The siren song of high rents has landlords increasingly staking a bet on a sector many experts have begun to suggest is experiencing a bubble.
“I definitely think there’s going to be a big shakeout,” Mr. Lenihan, whose firm has invested in several well-regarded tech properties such as Pinterest, said. “Ninety percent of these firms are going to go by the wayside. That’s how it works.”
The boom, ushered in by firms like Google and LinkedIn and Facebook, which have all established sizeable beachheads in the city, has also created concerns whether areas like Midtown South are also unduly exposed to a possible repeat of the dot-com bust a little over a decade ago.
“It has to be a bubble,” one veteran Midtown South leasing broker at a major leasing brokerage told The Commercial Observer, requesting anonymity because of concerns his feelings on the market could alienate landlords who are his clients. “I’m starting to hear asking rents on space that used to be $35 or $40 per square foot at $75 asking rates. That’s like buildings on Park Avenue asking not $100 per square foot but $200 a foot. When did that happen last?”
Though several industries drive leasing in Midtown South, and the area increasingly appeals to established tenants like law firms and financial companies, technology businesses clearly have played a key role in lifting occupancy levels and rental rates in the area.
According to data compiled by the real estate services firm Cushman & Wakefield, about 3.1 million square feet was leased in Midtown South in the first nine months of the year, about the same level that was leased during the same period last year, when the tech boom began to gain steam. The figures are well higher than the historical average for the neighborhood in recent years, which typically sees about 2.7 million of leasing through the first three quarters of the year. A third of the activity in 2011 and 2012 has been driven by tech and new-media companies, C&W says. Rents have responded to the uptick in demand and are currently at nearly $50 per square foot on average in the area, $10 a foot higher than where they were a year ago and fast approaching the previous peak of about $55 per square foot in 2008.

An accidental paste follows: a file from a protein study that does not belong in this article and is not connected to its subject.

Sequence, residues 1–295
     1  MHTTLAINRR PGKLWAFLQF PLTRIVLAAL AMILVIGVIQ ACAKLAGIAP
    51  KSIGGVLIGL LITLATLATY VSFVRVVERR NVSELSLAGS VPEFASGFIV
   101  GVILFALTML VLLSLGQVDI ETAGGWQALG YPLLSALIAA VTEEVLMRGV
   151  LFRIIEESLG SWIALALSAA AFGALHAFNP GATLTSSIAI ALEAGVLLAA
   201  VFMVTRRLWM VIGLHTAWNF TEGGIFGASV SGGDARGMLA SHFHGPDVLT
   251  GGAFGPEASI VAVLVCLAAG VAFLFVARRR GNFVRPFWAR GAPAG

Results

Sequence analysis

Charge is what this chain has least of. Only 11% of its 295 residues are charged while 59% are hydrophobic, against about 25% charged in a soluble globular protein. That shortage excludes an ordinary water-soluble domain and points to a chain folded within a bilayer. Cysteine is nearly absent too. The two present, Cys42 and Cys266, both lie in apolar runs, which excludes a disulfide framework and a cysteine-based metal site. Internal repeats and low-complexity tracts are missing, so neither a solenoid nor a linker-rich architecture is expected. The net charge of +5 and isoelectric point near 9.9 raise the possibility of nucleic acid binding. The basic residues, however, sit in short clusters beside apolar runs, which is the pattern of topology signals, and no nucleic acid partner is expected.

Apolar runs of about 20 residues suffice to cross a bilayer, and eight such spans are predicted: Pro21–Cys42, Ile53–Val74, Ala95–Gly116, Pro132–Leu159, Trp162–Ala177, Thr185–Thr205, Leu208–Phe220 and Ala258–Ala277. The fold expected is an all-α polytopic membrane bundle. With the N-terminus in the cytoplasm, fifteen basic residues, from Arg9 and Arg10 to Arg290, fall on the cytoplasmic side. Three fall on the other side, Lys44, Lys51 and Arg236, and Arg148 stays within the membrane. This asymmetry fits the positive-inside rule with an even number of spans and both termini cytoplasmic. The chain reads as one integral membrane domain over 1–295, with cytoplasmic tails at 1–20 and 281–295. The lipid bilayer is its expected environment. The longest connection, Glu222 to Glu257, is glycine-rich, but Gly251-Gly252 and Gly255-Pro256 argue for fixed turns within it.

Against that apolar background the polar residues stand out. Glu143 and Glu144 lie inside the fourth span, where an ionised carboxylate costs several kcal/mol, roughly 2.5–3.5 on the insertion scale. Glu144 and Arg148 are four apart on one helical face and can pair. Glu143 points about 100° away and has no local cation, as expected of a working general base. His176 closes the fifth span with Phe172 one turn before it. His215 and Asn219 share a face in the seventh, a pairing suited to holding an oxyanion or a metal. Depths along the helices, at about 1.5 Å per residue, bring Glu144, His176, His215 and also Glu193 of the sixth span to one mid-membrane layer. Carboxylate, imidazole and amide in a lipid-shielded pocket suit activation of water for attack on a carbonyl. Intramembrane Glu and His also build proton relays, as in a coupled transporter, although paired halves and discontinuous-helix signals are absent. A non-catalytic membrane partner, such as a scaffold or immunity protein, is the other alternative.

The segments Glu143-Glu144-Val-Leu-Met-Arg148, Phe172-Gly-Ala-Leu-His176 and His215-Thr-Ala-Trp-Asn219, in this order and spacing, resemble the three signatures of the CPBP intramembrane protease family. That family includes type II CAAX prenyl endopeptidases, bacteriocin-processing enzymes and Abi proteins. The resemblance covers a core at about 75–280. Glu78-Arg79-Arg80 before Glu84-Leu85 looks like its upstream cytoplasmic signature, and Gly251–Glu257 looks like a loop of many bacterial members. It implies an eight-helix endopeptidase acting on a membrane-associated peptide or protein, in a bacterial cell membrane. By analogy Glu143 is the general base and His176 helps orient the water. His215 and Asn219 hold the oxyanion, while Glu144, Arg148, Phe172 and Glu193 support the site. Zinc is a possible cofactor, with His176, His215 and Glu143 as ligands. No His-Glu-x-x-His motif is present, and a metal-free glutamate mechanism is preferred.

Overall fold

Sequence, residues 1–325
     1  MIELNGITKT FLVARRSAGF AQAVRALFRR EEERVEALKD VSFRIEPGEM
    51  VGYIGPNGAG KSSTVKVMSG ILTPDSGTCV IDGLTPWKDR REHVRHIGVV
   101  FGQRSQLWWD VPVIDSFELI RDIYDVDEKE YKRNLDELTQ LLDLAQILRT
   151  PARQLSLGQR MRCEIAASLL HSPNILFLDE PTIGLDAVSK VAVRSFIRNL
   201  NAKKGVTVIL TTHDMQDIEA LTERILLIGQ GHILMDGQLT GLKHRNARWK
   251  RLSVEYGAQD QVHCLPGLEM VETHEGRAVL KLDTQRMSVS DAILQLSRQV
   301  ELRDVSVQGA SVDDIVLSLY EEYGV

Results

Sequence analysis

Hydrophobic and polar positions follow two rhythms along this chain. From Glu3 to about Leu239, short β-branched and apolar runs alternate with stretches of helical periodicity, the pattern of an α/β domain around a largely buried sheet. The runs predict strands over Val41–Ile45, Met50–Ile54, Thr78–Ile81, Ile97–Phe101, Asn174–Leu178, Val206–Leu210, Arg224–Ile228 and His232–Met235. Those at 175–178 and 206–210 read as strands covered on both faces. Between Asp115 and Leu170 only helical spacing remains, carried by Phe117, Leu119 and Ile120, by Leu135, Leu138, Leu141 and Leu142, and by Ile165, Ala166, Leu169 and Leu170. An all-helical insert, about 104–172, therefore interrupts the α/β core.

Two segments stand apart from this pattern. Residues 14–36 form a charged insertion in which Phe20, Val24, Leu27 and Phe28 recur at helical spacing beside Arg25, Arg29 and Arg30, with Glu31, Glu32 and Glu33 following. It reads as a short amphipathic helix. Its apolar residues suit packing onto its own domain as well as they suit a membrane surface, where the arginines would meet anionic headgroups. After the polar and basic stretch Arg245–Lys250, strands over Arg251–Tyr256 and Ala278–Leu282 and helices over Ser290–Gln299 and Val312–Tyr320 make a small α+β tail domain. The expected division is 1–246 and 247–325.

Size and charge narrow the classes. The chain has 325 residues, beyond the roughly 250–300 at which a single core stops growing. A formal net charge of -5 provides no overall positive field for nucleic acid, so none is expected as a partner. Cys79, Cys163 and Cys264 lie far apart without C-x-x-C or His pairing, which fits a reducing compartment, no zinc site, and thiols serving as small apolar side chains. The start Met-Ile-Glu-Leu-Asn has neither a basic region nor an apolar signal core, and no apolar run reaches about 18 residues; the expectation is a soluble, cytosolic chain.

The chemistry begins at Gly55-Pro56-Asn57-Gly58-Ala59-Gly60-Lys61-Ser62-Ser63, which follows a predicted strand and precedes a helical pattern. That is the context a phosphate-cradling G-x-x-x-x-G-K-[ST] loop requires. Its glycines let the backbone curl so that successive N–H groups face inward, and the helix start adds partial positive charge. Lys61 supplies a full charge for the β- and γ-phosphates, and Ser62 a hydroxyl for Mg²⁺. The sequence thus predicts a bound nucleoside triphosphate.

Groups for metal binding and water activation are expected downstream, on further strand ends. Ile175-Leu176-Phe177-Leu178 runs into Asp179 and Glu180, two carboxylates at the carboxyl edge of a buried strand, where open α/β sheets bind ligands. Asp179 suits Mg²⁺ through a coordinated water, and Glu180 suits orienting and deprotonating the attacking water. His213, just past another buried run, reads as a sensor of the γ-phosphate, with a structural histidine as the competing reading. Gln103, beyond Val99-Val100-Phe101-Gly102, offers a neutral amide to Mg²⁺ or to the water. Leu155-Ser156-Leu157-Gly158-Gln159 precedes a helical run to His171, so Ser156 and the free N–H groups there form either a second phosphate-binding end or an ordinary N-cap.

“At this rate, we could hit all-time record rates for Midtown South by next year,” Ken McCarthy, an economist for Cushman & Wakefield, told The CO.
The strong market has emboldened landlords to position product to tap into the demand.
TF Cornerstone, a real estate development and investment firm, is renovating 387 Park Avenue South, an over-200,000-square-foot building it owns on 28th Street, to try to net rents in the $60s per square foot. Earlier this year, Imperium Capital, another real estate investment company, acquired 233 Spring Street and 161 Avenue of the Americas, a twin building complex the firm is planning to combine into a higher-end office building that will be about 740,000 square feet in size, making it one of the largest such towers in its area, on the border between Soho and Hudson Square. It too has lofty rental targets.